I recommend this book.

Tuesday, October 23, 2012

Ranting about the debates

Mission Point Lighthouse

The photo at the left is of Mission Point Lighthouse, located north of Traverse City, MI.  It has nothing to do with what I'm writing, but I was there last week and decided it looked peaceful, something we all need a bit off these days. 

I think it may have been providential or at least a divine hint West Michigan was hit with a major thunderstorm last night during the debate and the dish kept losing the signal from the satellite.   I could have attached a regular antenna or have gotten the debate off the internet, but instead I took naps between the interruptions.   What little I heard sounded like the first two debates.  These spectacles have become a great platform for our two candidates to spout off their talking points and platitudes.  We got to hear the President’s claims about hunting down Bin Laden and other bad guys and Romney’s five point plan and how he is going to create 12 million jobs.  Personally, from what little I saw of the debates last night, I’m beginning to think Romney has a god-complex.  He makes it sound like he will, single-handedly, regardless of what anyone else does, create these jobs.  Obama was a little like that in 2008, but he’s been humbled by his four years in office.  Both of these guys use way too much “I” language.  They should be talking about what we can do together, but that would mean hardwork is expected from everyone, but it seems no one wants to hear that.  I also felt that this “foreign policy debate” was anything but.  Maybe a better format would be a geopolitical quiz where they play each other in a trivial pursuit type game.  At least then we might learn who has the best understanding of the world.   Or, we should invite at least one third party candidate into each debate.  This third clog in the wheel would serve as the loose cannon on deck, forcing each candidate to jump off their well-scripted talking points and maybe we’d actually learn something new.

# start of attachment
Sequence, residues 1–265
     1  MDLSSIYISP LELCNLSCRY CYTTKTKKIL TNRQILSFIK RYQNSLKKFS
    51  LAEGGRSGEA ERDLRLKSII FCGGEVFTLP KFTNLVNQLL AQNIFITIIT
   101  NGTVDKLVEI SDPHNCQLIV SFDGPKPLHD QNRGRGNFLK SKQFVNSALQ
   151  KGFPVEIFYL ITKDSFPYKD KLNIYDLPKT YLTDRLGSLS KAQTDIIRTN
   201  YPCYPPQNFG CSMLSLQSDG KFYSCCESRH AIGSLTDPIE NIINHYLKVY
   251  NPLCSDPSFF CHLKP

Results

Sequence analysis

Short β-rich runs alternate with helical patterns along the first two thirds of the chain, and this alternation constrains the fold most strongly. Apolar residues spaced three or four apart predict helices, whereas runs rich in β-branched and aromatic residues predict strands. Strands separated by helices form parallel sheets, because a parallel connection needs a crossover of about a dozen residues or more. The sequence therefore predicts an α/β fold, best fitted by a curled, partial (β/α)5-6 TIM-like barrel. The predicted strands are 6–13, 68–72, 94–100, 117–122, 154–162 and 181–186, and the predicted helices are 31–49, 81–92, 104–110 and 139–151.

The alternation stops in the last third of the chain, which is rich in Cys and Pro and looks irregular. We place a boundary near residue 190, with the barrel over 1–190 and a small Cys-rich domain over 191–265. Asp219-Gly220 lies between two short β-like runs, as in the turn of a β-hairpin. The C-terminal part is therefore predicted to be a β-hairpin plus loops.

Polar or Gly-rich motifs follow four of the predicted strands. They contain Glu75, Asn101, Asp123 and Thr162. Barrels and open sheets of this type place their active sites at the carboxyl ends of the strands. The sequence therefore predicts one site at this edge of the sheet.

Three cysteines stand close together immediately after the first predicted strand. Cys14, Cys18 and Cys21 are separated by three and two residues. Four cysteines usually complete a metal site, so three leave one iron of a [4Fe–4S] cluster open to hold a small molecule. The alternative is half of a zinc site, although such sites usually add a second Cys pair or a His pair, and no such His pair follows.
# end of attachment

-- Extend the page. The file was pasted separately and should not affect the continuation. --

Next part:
The good news is that we’re going to have a good World Series (and if the Tiger’s win, it’ll be a great World Series).  The bad news is that every inning will bring more political ads…    

Saturday, October 20, 2012

Hking in the Porcupines, part 2

This is the second part of my week hiking in Michigan's UP this summer. For part one, As I indicated in the first part of this story, this is my first backpacking trip after being diagnosed as a Type-1 diabetic (Insulin dependent).  In addition to hearing about the hike, you also get to hear about how my body is doing.  After leaving the Porcupines, I headed to Picture Rocks National Lakeshore for another hike.